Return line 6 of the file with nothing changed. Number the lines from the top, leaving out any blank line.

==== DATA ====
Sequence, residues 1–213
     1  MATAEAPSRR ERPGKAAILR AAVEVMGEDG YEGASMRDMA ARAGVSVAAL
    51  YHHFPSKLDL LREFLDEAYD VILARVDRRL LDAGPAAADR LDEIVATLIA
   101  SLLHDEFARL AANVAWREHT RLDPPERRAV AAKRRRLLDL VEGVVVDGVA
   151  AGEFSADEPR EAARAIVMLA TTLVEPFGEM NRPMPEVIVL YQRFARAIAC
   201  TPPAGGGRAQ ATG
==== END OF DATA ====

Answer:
   201  TPPAGGGRAQ ATG